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Howth is the setting for new speculative novel

I Never Said I Was Conor — Waking Up In Howth|Ian R Forman|New Generation Publishing|ISBN: 9781800314542|€9.99

by Ian R Forman

Why write a novel?

Since my novel was published this February, several of my neighbours and friends have asked me why I decided to write a book, although they all understood why I decided to set the story in Ireland.

I didn’t even start to think about writing a novel until I retired about eight years ago, when my son asked me: “OK dad what are you going to do now, you can’t play golf all day every day?” 

My response was to buy an electric and an acoustic guitar and take guitar and singing lessons. This kept me busy for quite a few years and I still enjoy playing today. I then had the good fortune to have my young grandson Aidan stay over several times, at our home in Buckingham UK, and I took the opportunity to make up bedtime stories for him. Aidan was, at that time, a fan of the children’s TV show BEN 10, so I developed a character named Ben Green who, together with his family, went on several adventures to the North Pole, to a desert island, to the jungle, up Mount Everest etc. I realised I enjoyed the creative process as much as he enjoyed listening to the stories and this kindled my desire to write a book. 

Ian R Forman

But what to write about? I’d never written anything that got published before, let alone write a book.

It would be easier to write about a topic I knew something about, so our life story seemed obvious. My wife Mary and I had enjoyed a reasonably busy and varied life, having lived in Canada and Belgium for many years and having worked in and visited lots of different countries. I realised that despite this, our life story was not that exciting and would hold little interest to anyone outside the family, so I put the idea out of my mind at the time, waiting for inspiration.

Nightmare inspiration

Then one night I had a vivid, horrendous nightmare.  In my dream I woke up on a park bench in the seaside village of Howth, and nobody knew me.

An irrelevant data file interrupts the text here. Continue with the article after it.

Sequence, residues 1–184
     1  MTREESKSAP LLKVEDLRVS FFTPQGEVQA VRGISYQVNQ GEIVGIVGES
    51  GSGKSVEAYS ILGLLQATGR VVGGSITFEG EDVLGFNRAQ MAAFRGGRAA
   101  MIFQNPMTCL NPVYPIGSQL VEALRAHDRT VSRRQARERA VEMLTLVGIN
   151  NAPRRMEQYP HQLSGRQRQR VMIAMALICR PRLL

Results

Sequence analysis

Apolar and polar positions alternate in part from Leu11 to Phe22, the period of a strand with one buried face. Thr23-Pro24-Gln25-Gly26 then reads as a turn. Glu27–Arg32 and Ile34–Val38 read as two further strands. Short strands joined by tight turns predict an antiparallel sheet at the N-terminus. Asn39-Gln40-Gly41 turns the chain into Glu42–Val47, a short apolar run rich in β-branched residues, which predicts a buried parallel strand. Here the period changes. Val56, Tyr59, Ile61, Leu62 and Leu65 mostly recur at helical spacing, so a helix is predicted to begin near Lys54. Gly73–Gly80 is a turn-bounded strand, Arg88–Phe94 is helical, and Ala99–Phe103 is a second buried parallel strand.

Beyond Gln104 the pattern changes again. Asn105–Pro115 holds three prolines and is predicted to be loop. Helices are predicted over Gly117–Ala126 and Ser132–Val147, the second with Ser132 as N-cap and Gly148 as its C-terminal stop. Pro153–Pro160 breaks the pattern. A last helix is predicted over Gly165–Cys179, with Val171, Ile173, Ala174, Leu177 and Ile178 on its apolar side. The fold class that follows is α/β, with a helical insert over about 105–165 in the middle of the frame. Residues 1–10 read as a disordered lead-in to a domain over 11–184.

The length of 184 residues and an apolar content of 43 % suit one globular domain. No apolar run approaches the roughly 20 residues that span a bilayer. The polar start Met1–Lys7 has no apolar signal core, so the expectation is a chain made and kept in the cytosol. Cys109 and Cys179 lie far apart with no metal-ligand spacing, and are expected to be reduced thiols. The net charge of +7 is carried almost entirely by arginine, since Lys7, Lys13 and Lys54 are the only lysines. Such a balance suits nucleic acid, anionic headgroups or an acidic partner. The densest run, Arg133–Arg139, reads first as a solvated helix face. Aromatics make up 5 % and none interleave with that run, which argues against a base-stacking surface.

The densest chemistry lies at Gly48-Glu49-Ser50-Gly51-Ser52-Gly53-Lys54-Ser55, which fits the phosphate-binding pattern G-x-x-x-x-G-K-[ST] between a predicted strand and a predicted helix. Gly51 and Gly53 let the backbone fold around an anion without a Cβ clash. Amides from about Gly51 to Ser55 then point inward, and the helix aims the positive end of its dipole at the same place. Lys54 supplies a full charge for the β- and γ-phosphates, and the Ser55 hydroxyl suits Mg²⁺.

I was born and brought up in Howth, where my dad had a fish processing business and shop, and I lived there till my early twenties. Howth was a close-knit village at that time, probably still is, where everybody knew everybody else.  Life for me then was idyllic—I realised and appreciated this, at the time. 

Nobody can ever leave Howth; you might be able to relocate, even to far away countries but your soul never leaves.  

I have been going back there on holiday, with my family, at least once per year and many more times than that in my imagination. My thinking has been forever influenced by my youthful experiences in Howth, especially the bustling life around the fishing boats. Livelihoods depended on the weather and the unpredictable availability of fish shoals—everyone I knew, including me, was a gambler and a risk taker.

In my dream, I woke up to discover that my wife didn’t know me and was married to someone else.  I was told that my son, daughter and grandchildren didn’t exist.  When I discovered my own gravestone, I was convinced that I had gone mad. Only much later, with help from a Columbian professor, did I conclude that I was in a parallel universe.  I then set about trying to prove who I was and to somehow get back together with my ‘stranger’ wife. 

cover painting by Annette Forman

Storyline revealed

When I woke up next morning and eventually stopped shaking from the effects of my nightmare, I realised that this would be a great storyline for my book.  I could tell the story of Mary’s and my real life by comparing it with our family’s life in the Ireland of the parallel universe, where even the religion and politics were different and more inclusive.  

I was able to weave together our two alternative lives: one was true, and the other was a thrilling, frightening, emotional roller coaster. Best of all I could let the story unfold in Howth, a place I know inside out and which is still my favourite place in the world.  

Since publication I have received some very satisfying feedback and reviews. When I think of the comments from some of my neighbours it still makes me smile.  Mike told me that he was enjoying reading the book but was puzzled.

“Ian, do you not realise that you are an engineer.  Engineers just don’t write fictional novels.”

This might be true of course, and it’s also true that I’m not famous with an interesting autobiography—but storytelling is a pleasure, and it gives me a warm feeling to know that people are enjoying my book.

I am Irish, after all.


Eastwood